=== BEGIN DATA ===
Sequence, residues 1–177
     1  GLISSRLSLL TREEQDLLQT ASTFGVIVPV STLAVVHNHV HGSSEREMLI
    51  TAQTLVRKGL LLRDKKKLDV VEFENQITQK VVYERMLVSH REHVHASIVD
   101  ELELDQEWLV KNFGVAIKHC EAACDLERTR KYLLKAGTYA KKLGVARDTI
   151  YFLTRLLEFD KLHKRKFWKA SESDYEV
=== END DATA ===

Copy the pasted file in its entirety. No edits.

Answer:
Sequence, residues 1–177
     1  GLISSRLSLL TREEQDLLQT ASTFGVIVPV STLAVVHNHV HGSSEREMLI
    51  TAQTLVRKGL LLRDKKKLDV VEFENQITQK VVYERMLVSH REHVHASIVD
   101  ELELDQEWLV KNFGVAIKHC EAACDLERTR KYLLKAGTYA KKLGVARDTI
   151  YFLTRLLEFD KLHKRKFWKA SESDYEV